According to The Irish Times


Off-road track, along an old railway, includes coast, viaducts, tunnel and spectacular gorge


It’s been nearly 140 years since business was this brisk at O’Mahony’s pub in Durrow, Co Waterford. During the construction of the Waterford-to-Mallow rail line, the pub – which opened in 1868 – catered for thirsty railway workers.

Now things have come full circle, says proprietor Helen O’Mahony. These days, she and her husband Tom are kept busy serving drinks and ice cream to people on the Waterford Greenway – a 46km off-road walking and biking trail built along the railway line, which officially opens on Saturday (March 25th, 2017) – 50 years to the day after the last passenger train travelled the route.

The pub has attracted a steady trade since the railway opened in 1878, surviving waves of emigration that afflicted the area in the 1950s and the latest recession. Things had been quiet in recent years. But, O’Mahony says, they “never thought of retiring. It’s different when you live right there I suppose.”

Then last summer, the section of the Greenway alongside the pub opened – a stretch that includes the eerie, atmospherically lit Ballyvoyle tunnel from which you emerge blinking into a lush, almost tropical gorge, and spectacular views of the Suir Valley that stretch as far as Clonea.

Word got out and business began to flourish again. “People were on it immediately, and it’s been busy ever since. We’ve had people from Spain, England, Wales, and all over Ireland. There’s such rich history and scenery in this area, and it’s lovely to be able to share it with the rest of the world.”

Business cycle

One of those who is passionate about bringing that history to life is Garvan Cummins, a teacher, historian, keen walker and one of the earliest campaigners for the Deise Greenway. “The idea goes back as far as 2004 – the council even resurfaced a couple of kilometres of it – but ran into difficulty with landowners in around 2008,” he says.

In 2013, Cummins and others revived the greenway initiative, and in 2014 got the support of the newly appointed city and county manager, Michael Walsh. “It is fitting that we’re officially opening the greenway on the anniversary of the last passenger train running on the line,” he says.

Through his The Greenway Man business, Cummins runs history tours and a bike hire business beside O’Mahony’s pub in Durrow (also known as Shanacool).

“My market will be the family market, and people who want to park at Durrow and just do a short walk or bike ride along the most spectacular stretch of the greenway,” he says.

Highlights of Cummins’s history tour include the history of the railway and the tunnel, the ruins of the old Durrow station, and the Ballyvoyle viaduct, which was blown up in the 1922 civil war.

Other points of interest for history buffs include the Waterford and Suir Valley railway at Kilmeaden, and the Kilmacthomas workhouse and viaduct. In Dungarvan, there’s King John’s Castle, the Augustinian church overlooking the sea at Abbeyside and Walton Park, named after Ernest Walton, the physicist who split the atom.

The greenway has been a long time coming, too, for Donal Jacob. His family ran a grocery shop on John’s Hill in Waterford city for 58 years. Three years ago, its future was looking bleak. “The shop was going downhill, so I started looking for something different,” he says.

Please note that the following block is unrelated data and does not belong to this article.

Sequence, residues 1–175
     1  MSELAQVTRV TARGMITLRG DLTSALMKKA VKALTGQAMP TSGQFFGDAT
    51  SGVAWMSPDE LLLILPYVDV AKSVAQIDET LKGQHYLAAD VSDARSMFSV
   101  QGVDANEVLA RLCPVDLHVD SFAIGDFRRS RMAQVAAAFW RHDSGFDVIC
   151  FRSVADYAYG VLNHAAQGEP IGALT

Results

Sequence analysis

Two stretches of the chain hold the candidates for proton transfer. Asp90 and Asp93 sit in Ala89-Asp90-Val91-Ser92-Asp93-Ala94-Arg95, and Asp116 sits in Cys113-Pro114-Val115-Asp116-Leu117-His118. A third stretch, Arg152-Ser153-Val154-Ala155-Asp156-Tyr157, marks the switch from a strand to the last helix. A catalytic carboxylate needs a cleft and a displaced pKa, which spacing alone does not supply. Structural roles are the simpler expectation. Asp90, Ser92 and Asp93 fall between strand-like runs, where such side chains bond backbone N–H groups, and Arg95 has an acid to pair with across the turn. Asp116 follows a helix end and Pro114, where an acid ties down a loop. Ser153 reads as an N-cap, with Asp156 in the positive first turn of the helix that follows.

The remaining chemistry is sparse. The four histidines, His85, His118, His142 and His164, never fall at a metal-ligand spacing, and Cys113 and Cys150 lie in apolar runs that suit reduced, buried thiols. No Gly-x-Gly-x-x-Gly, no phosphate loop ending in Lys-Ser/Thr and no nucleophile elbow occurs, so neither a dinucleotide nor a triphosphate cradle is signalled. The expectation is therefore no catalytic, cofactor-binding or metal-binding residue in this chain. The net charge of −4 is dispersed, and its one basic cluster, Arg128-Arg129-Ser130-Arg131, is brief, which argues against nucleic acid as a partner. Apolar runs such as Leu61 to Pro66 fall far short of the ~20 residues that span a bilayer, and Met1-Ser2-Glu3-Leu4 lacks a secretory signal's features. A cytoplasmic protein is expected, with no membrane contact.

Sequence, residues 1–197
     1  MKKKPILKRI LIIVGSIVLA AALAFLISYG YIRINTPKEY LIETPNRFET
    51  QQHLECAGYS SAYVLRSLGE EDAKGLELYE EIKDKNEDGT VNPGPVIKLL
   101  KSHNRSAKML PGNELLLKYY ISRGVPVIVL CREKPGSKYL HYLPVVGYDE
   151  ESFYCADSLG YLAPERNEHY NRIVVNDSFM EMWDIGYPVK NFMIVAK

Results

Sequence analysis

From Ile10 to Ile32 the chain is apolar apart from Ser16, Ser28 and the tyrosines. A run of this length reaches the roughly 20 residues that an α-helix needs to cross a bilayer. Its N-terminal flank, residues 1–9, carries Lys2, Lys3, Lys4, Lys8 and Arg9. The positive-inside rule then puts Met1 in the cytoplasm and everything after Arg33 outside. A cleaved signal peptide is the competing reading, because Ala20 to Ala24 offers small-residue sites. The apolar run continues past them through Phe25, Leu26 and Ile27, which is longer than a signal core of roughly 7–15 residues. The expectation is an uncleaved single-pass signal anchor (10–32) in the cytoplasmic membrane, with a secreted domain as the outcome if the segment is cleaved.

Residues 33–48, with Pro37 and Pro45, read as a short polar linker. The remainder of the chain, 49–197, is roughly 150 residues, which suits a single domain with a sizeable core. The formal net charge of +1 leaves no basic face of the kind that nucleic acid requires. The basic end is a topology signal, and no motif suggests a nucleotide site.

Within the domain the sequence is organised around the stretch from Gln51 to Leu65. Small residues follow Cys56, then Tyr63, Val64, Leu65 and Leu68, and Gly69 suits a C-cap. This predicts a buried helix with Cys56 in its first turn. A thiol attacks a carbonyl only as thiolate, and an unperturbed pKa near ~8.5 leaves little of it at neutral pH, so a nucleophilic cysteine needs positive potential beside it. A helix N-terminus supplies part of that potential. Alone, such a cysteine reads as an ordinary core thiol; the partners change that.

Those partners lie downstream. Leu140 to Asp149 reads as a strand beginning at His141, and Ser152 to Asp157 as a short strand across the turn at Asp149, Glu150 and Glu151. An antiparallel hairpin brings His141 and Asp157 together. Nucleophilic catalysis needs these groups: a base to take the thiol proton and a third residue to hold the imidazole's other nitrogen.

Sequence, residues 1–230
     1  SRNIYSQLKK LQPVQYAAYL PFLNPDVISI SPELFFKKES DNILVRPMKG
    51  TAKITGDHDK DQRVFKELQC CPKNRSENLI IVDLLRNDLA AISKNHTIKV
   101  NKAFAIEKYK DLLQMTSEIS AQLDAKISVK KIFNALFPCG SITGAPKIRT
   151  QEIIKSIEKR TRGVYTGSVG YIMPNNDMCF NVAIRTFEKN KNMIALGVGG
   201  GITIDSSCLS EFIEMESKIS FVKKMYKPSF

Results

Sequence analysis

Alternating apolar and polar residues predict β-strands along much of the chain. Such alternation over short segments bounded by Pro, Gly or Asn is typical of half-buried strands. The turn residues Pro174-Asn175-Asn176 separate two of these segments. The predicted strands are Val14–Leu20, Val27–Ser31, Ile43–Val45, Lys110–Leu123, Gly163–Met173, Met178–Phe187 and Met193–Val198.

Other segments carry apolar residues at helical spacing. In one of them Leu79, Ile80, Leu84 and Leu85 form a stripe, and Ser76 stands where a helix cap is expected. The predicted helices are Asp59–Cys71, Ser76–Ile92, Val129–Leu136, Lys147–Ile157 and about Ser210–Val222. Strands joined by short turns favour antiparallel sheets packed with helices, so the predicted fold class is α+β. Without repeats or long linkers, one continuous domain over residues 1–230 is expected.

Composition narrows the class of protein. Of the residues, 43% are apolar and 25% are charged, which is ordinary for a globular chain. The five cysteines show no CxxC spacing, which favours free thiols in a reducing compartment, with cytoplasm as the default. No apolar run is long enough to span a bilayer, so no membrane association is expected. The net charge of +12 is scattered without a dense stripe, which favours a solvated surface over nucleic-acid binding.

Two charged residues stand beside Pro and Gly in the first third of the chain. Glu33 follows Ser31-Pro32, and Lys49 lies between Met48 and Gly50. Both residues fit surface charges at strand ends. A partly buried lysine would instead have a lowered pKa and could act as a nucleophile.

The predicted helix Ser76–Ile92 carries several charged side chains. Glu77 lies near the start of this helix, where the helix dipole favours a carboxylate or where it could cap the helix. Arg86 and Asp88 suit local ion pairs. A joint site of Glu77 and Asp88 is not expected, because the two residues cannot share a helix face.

A keen cyclist and triathlete, he launched cycling tours and began teaching cycle safety in schools. Then, 18 months ago, set up Greenway Waterford Bike Hire.

“I have about 60 adults’ and 60 kids’ bikes and, in the future, I’ll have electric bikes, disability bikes and tandem bikes. I’ve taken on a full-time employee and I’ll take on more part-timers as the business grows,” he says.

This week was a significant one for Jacob and his family: the shop was sold and he got the tender to provide bike hire from Waterford Institute of Technology’s Carriganore campus, which has direct access to the greenway through a wooded pathway.

What’s his favourite stretch of the greenway? “Just outside Waterford, along by the River Suir with Mount Congreve on one side, the river on the other and the train in the middle.”

Best ways to enjoy the Waterford Greenway

1. A good place for walkers to start is at O’Mahony’s pub in Durrow. Within a short distance, you’ll get to experience the spectacular Ballyvoyle tunnel, the old Durrow railway, views of the Suir Valley and a new playground carved from the oak of a tree felled on the Mount Congreve estate. O’Mahony’s pub is an excellent place to finish up too.

2. At the Waterford and Suir Valley railway in Kilmeaden, grab a coffee in the old carriage on the platform.

3. There’s also coffee at Kilmacthomas workhouse.

4. Dress warmly, as it can get windy along the route.

5. Cycle on the left, pass on the right, and use your bell.

6. Keep your dog on a leash, clean up after it and bring your litter home.

7. Most of the time the wind will be behind you when you’re cycling west back towards Waterford.

8. If you’re hiring a bike, inquire about whether your tour operator can provide a shuttle bus to or from the greenway. Bikes can be hired on the Waterford side from Greenway Waterford Bike Hire (086 1292724) or from The Greenway Man at Durrow (086 8351233). In Dungarvan, there are several bike tour and hire operators – find them at

9. Look out for the signs along the route linking traditional songs to parts of the greenway.

10. The interactive map at gives information about cycling conditions, greenway highlights and parking availability.

According to The Irish Times

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